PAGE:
That last sentence from the spokeswoman really is at the heart of why the reverse auction platform ultimately failed. Experts say GSA’s tool never did enough to meet customers’ specific acquisition needs.
Reid Jackson, the CEO of Compusearch, which runs the FedBid reverse auction platform, buying the company in 2017 —said GSA’s decision caught him by surprise but customer agencies clearly wanted more from the platform.
“We ran into competition from GSA’s account managers at agencies who had competitively awarded contracts with FedBid and it seemed to us GSA was actively competing,” Jackson said in an interview. “There are different models for reverse auctions. GSA was running more of a self-service portal where agencies posted things like they do on eBuy. FedBid is more of a full-service portal where we help buyers recruit sellers and drive competition to the marketplace. This statement by GSA is perhaps evidence that what buyers are looking for is more full service offering to drive competition, save time and actually reduce procurement action lead time. We think buyers want a more comprehensive service offering than a self-service portal.”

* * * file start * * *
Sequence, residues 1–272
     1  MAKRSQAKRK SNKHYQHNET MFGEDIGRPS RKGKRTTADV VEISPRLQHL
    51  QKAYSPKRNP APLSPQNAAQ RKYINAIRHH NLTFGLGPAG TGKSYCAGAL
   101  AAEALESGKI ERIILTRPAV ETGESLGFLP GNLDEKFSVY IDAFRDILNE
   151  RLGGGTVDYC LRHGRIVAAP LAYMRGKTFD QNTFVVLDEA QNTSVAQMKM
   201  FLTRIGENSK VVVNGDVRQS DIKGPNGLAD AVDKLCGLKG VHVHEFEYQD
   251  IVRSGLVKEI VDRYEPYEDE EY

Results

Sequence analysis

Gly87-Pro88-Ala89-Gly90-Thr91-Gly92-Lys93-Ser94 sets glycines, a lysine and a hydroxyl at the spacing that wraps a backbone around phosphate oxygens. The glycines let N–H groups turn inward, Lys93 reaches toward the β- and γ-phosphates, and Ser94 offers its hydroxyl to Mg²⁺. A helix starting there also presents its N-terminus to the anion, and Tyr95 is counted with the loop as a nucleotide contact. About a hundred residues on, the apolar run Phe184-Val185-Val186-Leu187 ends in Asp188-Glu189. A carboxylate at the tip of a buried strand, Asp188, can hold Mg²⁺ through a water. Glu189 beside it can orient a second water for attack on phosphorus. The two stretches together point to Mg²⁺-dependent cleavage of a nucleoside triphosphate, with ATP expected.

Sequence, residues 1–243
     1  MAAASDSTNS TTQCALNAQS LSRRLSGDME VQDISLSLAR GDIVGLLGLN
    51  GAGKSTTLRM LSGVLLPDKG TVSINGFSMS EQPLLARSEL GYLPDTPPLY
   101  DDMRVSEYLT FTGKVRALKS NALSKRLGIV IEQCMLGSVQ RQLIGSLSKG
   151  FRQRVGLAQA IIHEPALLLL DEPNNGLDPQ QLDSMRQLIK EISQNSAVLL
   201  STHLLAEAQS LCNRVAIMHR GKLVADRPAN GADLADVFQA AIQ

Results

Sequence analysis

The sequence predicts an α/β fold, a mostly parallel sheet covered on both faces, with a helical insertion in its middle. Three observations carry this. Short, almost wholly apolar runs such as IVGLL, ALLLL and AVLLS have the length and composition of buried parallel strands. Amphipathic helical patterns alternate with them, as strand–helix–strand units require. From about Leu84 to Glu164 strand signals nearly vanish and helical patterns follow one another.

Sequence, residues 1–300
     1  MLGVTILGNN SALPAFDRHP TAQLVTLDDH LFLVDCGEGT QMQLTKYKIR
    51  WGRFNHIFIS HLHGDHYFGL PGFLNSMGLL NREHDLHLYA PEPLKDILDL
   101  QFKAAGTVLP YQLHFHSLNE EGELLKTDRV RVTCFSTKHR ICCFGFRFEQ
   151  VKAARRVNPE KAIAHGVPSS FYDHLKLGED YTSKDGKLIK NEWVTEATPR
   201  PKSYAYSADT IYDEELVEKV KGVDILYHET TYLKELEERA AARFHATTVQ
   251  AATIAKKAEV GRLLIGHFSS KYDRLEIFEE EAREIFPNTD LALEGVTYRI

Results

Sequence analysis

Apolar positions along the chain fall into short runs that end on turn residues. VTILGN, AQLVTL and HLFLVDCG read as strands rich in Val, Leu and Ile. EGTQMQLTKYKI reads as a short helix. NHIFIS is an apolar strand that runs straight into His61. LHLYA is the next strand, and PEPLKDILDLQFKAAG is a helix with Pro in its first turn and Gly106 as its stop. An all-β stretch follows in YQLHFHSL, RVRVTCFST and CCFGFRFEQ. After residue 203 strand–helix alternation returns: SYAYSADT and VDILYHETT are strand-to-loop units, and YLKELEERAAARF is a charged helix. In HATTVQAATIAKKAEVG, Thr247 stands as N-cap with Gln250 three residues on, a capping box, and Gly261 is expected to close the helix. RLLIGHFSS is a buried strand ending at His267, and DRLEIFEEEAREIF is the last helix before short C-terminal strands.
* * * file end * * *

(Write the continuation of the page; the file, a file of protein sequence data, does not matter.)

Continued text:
Comparative data is between FedBid and GSA is hard to come by. A July Government Accountability Office report on reverse auctions found in 2017 agencies conducted about 19,000 reverse auctions valued at about $1.5 billion, but didn’t break down how many went through GSA, how many went through FedBid and how many went through some of the other lesser known tools such as the Army’s CHESS IT e-mart auctions.
GSA says on its reverse auction website that it has awarded $249 million through the platform across 31 agencies.
Tim DiNapoli, GAO’s director of Contracting and National Security Acquisitions, said only a very small percentage of the reverse auctions in the federal marketplace went through GSA’s platform.